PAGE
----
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Lead Your Team Strategy

PEST Analysis: Definition, Examples & Templates

PEST Analysis: Definition, Examples & Templates
Credit: Vaju Ariel | Shutterstock

Though structure and leadership play a large role in business success, external factors can also shape your company's potential. One method for systematically discovering and quantifying those factors is the PEST analysis.

PEST is an acronym for political, economic, social, and technological – external factors that commonly affect business activities and performance. Created by Harvard professor Francis Aguilar in 1967, PEST can work alone or be used in combination with other tools, such as Porter's Five Forces and SWOT analysis, to determine an organization's overall outlook.

Jim Makos, founder of the Pestle Analysis website, says PEST can help companies improve their decision making and timing. "The best outcome of the PEST analysis would be if your company is able to make the right decisions at the right time by analyzing different factors. Another benefit of PEST analysis is it could aid you in predicting the future by looking at the present. You will be prepared to tackle future challenges. It also helps you highlight the opportunities you can cash in on and threats which could harm your business," Makos told Business News Daily.

PEST factors

To get the most out of a PEST analysis, businesses should understand each of the four factors.

Political

This factor looks at how government regulations and legal issues affect a company's ability to be profitable and successful. Issues that must be considered include tax guidelines, copyright and property law enforcement, political stability, trade regulations, social and environmental policy, employment laws and safety regulations. Companies should also consider their local and federal power structure, and discuss how anticipated shifts in power could affect their business.

Economic

This factor examines the outside economic issues that can play a role in a company's success. Items to consider include economic growth, exchange, inflation and interest rates, economic stability, anticipated shifts in commodity and resource costs, unemployment policies, credit availability and unemployment policies.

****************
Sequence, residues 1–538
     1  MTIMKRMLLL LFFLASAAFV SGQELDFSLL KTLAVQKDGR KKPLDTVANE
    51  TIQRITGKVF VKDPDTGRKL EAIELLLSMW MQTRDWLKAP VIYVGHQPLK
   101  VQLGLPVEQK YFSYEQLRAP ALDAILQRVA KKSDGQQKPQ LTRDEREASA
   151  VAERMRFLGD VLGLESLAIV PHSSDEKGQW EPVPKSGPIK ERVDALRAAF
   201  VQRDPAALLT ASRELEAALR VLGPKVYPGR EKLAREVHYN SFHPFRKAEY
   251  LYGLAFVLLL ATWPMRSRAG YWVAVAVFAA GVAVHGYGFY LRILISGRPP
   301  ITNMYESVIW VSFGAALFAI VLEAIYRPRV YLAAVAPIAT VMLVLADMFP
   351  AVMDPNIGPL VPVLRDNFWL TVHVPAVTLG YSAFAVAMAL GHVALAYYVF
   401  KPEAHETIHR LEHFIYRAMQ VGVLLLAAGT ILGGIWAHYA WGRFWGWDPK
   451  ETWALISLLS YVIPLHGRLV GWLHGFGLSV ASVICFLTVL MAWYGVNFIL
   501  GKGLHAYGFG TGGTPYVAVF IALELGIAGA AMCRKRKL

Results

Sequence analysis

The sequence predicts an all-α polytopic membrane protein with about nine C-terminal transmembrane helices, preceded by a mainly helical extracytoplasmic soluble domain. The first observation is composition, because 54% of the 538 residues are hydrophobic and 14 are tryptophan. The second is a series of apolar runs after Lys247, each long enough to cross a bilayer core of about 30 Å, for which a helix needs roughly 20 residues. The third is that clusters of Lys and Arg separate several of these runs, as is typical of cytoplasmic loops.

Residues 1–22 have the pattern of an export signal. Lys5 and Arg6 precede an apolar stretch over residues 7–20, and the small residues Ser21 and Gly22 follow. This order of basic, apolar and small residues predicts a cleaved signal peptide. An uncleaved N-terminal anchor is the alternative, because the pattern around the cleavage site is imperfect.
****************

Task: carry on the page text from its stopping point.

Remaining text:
Social

This issue analyzes the demographic and cultural aspects of the company's market. These factors help businesses examine consumer needs and determine what pushes them to make purchases. Among the items that should be examined are demographics, population growth rates, age distribution, attitudes toward work, job market trends, religious and ethical beliefs, lifestyle changes, educational and environmental issues and health consciousness.

Technological

This factor takes into consideration technology issues that affect how an organization delivers its product or service to the marketplace. Among the specific items that need to be considered are technological advancements, government spending on technological research, the life cycle of current technology, the role of the Internet and how any changes to it may play out, and the impact of potential information technology changes. In addition, companies should consider how generational shifts, and their related technological expectations, are likely to affect those who will use their product and how it is delivered.

PEST example

To better understand how a PEST analysis should be conducted and the benefits it offers, businesses can examine numerous examples online. The online site Buzzle conducted several PEST Analysis examples, including one for restaurants. It examined the various political, economic, social and technological factors that a potential restaurant owner needs to consider when entering the industry.

Political factors:

  • Government regulations regarding employee hygiene, health and food regulations, food standards, etc.
  • Government policies regarding the restaurant industry and managing eateries. These may include licenses, inspections by health and food departments, etc.

Economic factors:

  • Interest rates would affect the cost of capital, the rate of interest being directly proportionate to the cost of capital.
  • Rate of inflation determines the rate of remuneration for employees and directly affects the price of the restaurant's products. Again, the proportion between the inflation rate and wages/prices is direct.
  • Economic trends act as an indicator of the sustainability and profitability of your business in the chosen region and help you in deciding your marketing strategy.

Social factors:

  • Eating habits of the people in your chosen business environment may, and certainly will, affect your marketing decisions.
  • Ratio of people preferring to eat out regularly.

Technological factors:

  • A good technical infrastructure would lead to better production, procurement and distribution logistics, resulting in reduced wastage and lower costs.
  • Effective technology may be a decisive factor for food technology innovation, better presentation, more effective business marketing, etc.

Going further

If you are interested in getting more from your PEST analysis, consider adding more vectors to the analysis or expanding into SWOT (strengths, weaknesses, opportunities and threats), MOST (mission, objective, strategies, tactics), or SCRS (strategy, current state, requirements, solution) analysis.

"Some variations may also add legal, environmental (converting into a PESTLE analysis), demographics and ethical factors, which makes the analysis more powerful because it considers more factors as compared to a normal PEST analysis," Makos said. "The more factors you consider for analysis, the better the results you can achieve from your strategy."

PEST help and templates

For businesses wanting to conduct their own PEST analysis, additional advice, templates and samples can be found online.

Chad Brooks also contributed to this article.